The Future Forum Foundation formally announced its debut on Wednesday — however, the group is an off-shoot of the U.S. House Future Forum caucus, which was founded two years ago and is comprised of 26 of the youngest Democratic members of Congress....

    Former U.S. Senate candidate and former U.S. Rep. Patrick Murphy, a Democrat from Palm Beach County
  11. Florida House responds to Broward Schools' threat of lawsuit with promotional video

    Blog

    Two days after the Broward County School Board decided to sue over newly enacted and controversial statewide education reforms, Florida House Republicans countered by debuting a promotional video that touts their hotly debated “Schools of Hope” plan.

    The “Hope” program — a top session priority of House Speaker Richard Corcoran, R-Land O’Lakes — is one of several provisions within House Bill 7069 that attorneys for the Broward school district plan to argue is unconstitutional....

    The Florida House, under Republican Speaker Richard Corcoran, released a video Friday advertising the controversial “Schools of Hope” program enacted under House Bill 7069, which Broward County Public Schools plans to sue over.
  12. Andrew Gillum's gubernatorial campaign leaderless after split with top staff

    State Roundup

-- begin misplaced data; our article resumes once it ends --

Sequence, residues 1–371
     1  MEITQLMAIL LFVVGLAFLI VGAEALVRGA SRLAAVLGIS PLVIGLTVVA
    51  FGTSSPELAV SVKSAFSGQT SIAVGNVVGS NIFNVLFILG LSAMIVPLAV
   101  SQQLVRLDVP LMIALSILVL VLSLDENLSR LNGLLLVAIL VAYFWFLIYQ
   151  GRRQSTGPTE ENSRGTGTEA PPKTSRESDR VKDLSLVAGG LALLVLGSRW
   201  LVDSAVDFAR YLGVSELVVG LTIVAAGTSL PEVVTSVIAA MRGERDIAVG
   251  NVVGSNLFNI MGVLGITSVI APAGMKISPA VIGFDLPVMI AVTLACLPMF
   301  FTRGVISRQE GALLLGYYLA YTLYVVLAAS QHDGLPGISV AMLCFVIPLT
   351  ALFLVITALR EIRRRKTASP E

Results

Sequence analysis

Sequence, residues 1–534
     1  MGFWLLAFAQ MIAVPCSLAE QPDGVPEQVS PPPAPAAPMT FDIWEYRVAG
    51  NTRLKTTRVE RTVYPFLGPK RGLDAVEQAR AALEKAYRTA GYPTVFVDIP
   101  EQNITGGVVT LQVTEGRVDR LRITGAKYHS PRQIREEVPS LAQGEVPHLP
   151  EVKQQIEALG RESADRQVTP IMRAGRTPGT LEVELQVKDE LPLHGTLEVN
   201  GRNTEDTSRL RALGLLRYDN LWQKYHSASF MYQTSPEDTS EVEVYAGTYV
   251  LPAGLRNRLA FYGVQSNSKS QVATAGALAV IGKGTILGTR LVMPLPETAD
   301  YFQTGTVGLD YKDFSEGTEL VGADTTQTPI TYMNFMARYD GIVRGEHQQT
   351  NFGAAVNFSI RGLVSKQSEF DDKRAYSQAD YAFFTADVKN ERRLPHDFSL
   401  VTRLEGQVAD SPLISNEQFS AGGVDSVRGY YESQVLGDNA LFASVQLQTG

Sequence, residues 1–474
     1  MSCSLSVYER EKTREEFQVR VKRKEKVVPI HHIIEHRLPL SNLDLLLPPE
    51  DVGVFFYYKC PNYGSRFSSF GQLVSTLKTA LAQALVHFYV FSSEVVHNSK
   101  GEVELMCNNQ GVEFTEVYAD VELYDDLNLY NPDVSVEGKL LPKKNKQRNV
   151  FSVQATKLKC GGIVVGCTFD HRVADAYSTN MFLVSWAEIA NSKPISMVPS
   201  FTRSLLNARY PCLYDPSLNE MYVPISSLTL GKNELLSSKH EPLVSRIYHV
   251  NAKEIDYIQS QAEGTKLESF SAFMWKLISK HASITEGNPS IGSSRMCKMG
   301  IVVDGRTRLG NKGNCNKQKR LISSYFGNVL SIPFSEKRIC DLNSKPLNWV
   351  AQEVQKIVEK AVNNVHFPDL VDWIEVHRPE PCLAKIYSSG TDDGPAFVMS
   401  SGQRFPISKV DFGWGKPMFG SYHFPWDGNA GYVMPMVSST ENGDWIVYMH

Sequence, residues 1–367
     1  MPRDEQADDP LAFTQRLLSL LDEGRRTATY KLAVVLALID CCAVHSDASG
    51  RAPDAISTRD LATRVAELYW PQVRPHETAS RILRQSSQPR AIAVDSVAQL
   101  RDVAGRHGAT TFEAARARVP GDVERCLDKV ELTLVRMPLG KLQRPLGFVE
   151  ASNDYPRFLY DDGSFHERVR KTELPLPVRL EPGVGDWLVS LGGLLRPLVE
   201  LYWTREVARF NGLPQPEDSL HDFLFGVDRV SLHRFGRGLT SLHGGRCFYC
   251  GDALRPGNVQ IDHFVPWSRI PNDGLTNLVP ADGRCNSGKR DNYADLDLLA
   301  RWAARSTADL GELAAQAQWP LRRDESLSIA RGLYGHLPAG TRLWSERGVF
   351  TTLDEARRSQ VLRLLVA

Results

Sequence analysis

TALLAHASSEE — The top two people in charge of Democrat Andrew Gillum's gubernatorial campaign are out, barely four months into Gillum's run and following weeks of relatively low fundraising totals.

    With both campaign manager Phillip Thompson and deputy campaign manager and finance director Brice Barnes leaving, it's unclear who's now in charge of the campaign for Gillum, who is mayor of Tallahassee....

    Gillum
  13. UPDATED: Andrew Gillum parts with his campaign manager, finance director

    Blog

    The top two people in charge of Democrat Andrew Gillum’s gubernatorial campaign are out, barely four months into Gillum’s run and following weeks of relatively low fundraising totals.

    With both campaign manager Phillip Thompson and deputy campaign manager and finance director Brice Barnes leaving, it’s unclear who’s now in charge of Gillum’s campaign....

  14. Lawsuit against HB 7069 looms in Broward; Corcoran calls it 'clueless, arguably heartless'

    Blog

    The bitter fight over new K-12 public school reforms that the Republican-led Legislature approved this spring entered a new stage on Wednesday when the Broward County School Board voted unanimously to challenge the law’s constitutionality in court.

    Broward is the first school district to vote to sue over the passage of House Bill 7069, which became law Saturday above passionate objections from school administrators, teachers’ unions and parent groups statewide for its many provisions friendly to charter schools, in some cases, at the expense of traditional public schools....

  15. Talk of fixing HB 7069 'way too premature,' Hialeah lawmaker says

    Blog

    Although a major school reform bill was signed into law last month amid heavy criticism and calls that it be fixed immediately, an influential lawmaker from Miami-Dade County indicates that issue won’t be a priority on the Legislature’s agenda for 2018....

    Rep. Manny Diaz Jr., R-Hialeah, right, talks with Rep. Jayer Williamson, R-Pace, on the floor of the House during a special session of the Florida legislature Thursday June 8, 2017, at the Capitol in Tallahassee, Fla.